NASSAU, BAHAMAS — The Ministry of Health gained another shot in the arm in its fight against the COVID-19 pandemic with the receipt of four ventilators to augment its acute care efforts.
The ventilators were donated by two prominent families of Canada — the Munks and the Rogers — and were presented to Minister of Health Renward Wells during an official ceremony at the Ministry of Health on Friday, November 27, 2020. Two of the ventilators were donated to the ministry and the other two were donated to a private health facility on Grand Bahama.
Procurement of the medical machines was facilitated by local heart specialist Dr. Conville Brown, founder and physician-in-chief as well as chief cardiologist at Bahamas Heart Centre and the Medical Pavilion Bahamas, who said he was pleased to have been able to facilitate the donation.
As Wells thanked the Canadian families for their donation, he underscored the importance of such a donation.
“On behalf of the government and people of the Commonwealth of The Bahamas, the Ministry of Health extends gratitude for these donations of ventilators from the Munks and Rogers families,” he said.
“Their generosity aids in our country’s overall healthcare advancement and is especially beneficial during this pandemic where so many have needed the assistance of a ventilator to survive.”
The minister also acknowledged the presence of Brown and thanked him for receiving the donation from the Munks and Rogers families.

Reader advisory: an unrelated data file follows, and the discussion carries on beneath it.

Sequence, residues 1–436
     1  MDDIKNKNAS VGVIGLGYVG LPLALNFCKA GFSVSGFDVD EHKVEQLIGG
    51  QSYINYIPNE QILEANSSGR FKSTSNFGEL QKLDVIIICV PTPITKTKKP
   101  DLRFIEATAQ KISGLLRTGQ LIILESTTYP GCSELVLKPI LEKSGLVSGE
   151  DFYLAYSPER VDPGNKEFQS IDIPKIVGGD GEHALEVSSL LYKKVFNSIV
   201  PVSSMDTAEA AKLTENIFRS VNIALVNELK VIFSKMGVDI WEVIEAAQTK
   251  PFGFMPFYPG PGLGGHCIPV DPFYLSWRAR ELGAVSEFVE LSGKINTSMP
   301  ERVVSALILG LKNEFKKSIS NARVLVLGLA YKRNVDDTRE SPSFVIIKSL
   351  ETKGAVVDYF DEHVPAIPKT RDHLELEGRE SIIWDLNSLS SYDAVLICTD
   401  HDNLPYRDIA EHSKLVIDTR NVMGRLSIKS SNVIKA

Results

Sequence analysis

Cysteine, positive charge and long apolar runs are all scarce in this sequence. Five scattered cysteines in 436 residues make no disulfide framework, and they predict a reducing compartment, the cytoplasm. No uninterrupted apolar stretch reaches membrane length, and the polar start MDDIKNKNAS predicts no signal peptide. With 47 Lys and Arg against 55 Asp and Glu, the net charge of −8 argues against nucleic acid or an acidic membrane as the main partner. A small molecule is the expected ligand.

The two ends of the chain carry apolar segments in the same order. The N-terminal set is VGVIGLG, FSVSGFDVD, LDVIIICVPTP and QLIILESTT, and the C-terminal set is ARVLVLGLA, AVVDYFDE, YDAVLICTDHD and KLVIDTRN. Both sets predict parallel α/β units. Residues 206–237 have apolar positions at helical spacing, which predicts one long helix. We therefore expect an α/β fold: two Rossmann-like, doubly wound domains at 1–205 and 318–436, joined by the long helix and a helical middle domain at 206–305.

He noted that for nearly 50 years, The Bahamas has enjoyed an abiding partnership with Canada.
“It is my understanding that early on in the COVID-19 pandemic, when similar to the rest of the world, our necessary medical supplies were declining, two Canadian families decided to assist our healthcare system by procuring much sought-after ventilators,” Wells said.
He added, “As much as it is hoped that those accessing our healthcare system will never have to use a ventilator, the reality is that emergency situations constantly occur.
“Having the increased capacity to assist in saving more lives is invaluable.”
A Ministry of Health statement said the ventilators are “dual electronically and battery-powered” and “valued at just over $100,000”.
“Currently in the public healthcare system, there are just fewer than 90 ventilators available, with 15 at the Rand Memorial Hospital in Grand Bahama and the remainder in New Providence,” the statement read.